Parents teach by what they do. When a parent leaves a child unintended, they are teaching that child that attention to that child is “optional.” When a child is asking for attention in a grocery cart, and the mum or dad goes on shopping, talking on the cell phone, disregarding the child’s question as immaterial, two things are likely to happen. The first thing is that the child actively learns it is “acceptable” to ignore someone when they ask for your attention. The second thing is they learn to ask LOUDER. Yelling or screaming, or a full blown tantrum may be the next result.
An all out tantrum, kicking, screaming, flailing, and the rest, is being taught by the parent to the child. Then the parent finally reacts, and usually in a negative way with threats, or upset emotions that direct criticism to the child.
Congratulations of a lesson taught, albeit a negative one, are in order to that care-giver. Your neglect of the child’s less offensive inquiry has resulted in your teaching him or her that only disruptive behavior gets attention.
Destructive behavior results when neglect is tolerated.
Neglect, it must be remembered always, causes more suffering by way of apathy, than outright violence ever could. Never should it be said that only parents are responsible. All people who neglect protecting of anything of value, any who shirk that responsibility, are responsible for behavior problems.
This is why people whose only child died at birth, must still pay taxes for other children’s schools. They are investing in preventing their own stereo from being stolen.
It is the same from the level of the two year old up to global reality. The out of control dictator, having a tantrum, has been neglected by global complacency when correction was needed. Look at someone like Hosni Mubarak or Muammar Quaddafi. They get attention, and results, when they get out of control. Someone neglected to intervene while there was a more opportune time. But this is about children.
Children at school and on playgrounds are often treated with disinterest until something goes wrong. Then much trouble is created. One child will learn they get attention only when they bully. Another child will learn that if they say nothing about being bullied, if they shut up, stay quiet, “keep it to myself, they may temporarily be spared pain or humiliation. The trouble with this kind of neglect doled out regularly in classrooms, playgrounds, households, and everywhere else, is that the neglected child is learning terrible t things about having to learn to be a victim.
They may not become a tantrum thrower or a bully, but just as destructively, they may internalize the pain, find eating disorders, shopping, and drug addictions, or a thousand myriad ways to express out the pain they cannot live with that poisons them inside.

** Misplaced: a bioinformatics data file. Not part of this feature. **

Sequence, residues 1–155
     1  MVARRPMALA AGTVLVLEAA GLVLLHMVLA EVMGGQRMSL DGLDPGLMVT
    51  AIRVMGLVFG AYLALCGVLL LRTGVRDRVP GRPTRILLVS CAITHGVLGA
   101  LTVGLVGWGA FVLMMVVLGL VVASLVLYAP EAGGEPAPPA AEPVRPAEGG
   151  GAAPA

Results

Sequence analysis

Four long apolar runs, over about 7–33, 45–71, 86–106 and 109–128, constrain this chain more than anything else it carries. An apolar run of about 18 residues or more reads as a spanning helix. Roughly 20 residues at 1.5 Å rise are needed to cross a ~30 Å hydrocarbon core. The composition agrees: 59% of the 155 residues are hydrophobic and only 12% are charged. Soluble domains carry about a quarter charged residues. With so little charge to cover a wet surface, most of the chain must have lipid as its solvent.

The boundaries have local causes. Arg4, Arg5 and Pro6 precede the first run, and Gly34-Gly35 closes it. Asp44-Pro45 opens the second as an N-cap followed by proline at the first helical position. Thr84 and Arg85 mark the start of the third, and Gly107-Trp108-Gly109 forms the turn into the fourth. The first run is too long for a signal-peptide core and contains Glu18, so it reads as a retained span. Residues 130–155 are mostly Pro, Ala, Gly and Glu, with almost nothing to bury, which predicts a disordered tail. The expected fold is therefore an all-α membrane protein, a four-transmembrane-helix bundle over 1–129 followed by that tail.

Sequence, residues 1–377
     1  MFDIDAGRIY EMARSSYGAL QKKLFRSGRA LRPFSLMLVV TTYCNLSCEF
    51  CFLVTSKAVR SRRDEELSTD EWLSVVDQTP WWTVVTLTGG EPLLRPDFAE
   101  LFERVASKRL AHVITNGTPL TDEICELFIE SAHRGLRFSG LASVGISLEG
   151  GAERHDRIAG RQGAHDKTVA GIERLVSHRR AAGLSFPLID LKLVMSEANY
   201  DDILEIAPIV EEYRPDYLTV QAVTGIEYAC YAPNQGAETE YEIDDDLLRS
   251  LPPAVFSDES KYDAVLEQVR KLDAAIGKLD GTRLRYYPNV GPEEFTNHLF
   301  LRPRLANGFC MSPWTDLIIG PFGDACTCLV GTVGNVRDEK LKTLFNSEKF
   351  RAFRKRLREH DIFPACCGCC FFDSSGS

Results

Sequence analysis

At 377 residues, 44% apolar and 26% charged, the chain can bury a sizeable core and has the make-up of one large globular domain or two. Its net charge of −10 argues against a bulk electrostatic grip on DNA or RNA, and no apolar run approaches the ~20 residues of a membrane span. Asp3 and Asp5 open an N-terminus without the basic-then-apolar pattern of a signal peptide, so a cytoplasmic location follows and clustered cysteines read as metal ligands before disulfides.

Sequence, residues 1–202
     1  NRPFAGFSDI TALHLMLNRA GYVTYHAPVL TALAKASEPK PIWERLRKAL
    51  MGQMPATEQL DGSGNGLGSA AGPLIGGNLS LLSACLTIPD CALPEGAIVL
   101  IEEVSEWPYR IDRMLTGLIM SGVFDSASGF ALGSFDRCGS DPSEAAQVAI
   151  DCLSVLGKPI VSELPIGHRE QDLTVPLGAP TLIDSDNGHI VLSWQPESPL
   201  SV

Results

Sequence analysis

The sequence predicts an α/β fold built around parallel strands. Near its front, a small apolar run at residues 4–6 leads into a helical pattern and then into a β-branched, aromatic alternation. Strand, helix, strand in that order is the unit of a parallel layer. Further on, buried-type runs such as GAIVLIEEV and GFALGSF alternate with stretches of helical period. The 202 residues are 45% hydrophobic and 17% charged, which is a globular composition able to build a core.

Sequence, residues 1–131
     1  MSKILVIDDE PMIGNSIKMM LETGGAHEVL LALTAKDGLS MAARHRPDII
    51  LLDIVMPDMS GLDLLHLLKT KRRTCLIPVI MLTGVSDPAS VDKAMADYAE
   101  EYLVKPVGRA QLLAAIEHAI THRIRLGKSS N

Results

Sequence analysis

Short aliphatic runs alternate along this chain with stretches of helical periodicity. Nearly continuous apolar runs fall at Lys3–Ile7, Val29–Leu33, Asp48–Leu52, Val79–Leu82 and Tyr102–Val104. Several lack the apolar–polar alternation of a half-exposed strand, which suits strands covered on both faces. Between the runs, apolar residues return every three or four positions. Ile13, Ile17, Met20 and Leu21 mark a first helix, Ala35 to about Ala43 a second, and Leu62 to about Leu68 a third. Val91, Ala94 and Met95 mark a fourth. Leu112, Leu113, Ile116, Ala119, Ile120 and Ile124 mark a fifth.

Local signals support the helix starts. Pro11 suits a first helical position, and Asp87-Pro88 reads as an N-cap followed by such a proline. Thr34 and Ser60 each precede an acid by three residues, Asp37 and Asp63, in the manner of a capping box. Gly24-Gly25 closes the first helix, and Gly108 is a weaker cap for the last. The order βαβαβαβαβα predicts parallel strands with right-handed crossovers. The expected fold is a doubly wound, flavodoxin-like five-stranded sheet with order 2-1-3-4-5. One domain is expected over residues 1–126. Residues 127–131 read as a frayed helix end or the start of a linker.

Human beings are people with an inherent flight or fight response. Our destructive capacity is due to our ability to have a comprehending neo cortex that stores abstract ideas. Our minds visualize, and thus internalize both past damage, and future anxiety. Neglect exacerbates this.
Fortunately, this same quirk, our minds, provide answers if we look to nature, to control the damage of neglect.
All over the world people try to find blame rather than solutions when a child injures another, or guns are found in schools, or a child is suspended for kissing another child, or any number of disturbing events that children, lacking judgment, often do impulsively.
It is always the responsibility of the adults to give children lessons by example.
Adults should not treat children that affection for example is wrong, they should teach that uncomfortable touching of any kind is wrong. Adults should teach that bringing a toy gun, cell phone, bikini, or anything against rules, is wrong because the rules are there, not to hurt children, but to keep disruption from hurting children.
Should a parent be held responsible if a child kills, maims, steals, or drinks? Only those parents who took on the responsibility (or irresponsibility) of conceiving, birthing, and raising the child should be held accountable, for what that child does.
Is it fair? No! One of the most crucial lessons, and the most responsible one, that anyone can teach children is that life is not fair. It will forever be up to the adults in the room, to make sure that lessons are taught that life is unfair. However, we do have ability to make it more fair, and to seek justice and compassion. We by our attention, and not our neglect, have the power to make life as fair, equitable, tolerable, and reasonable, as life will ever be.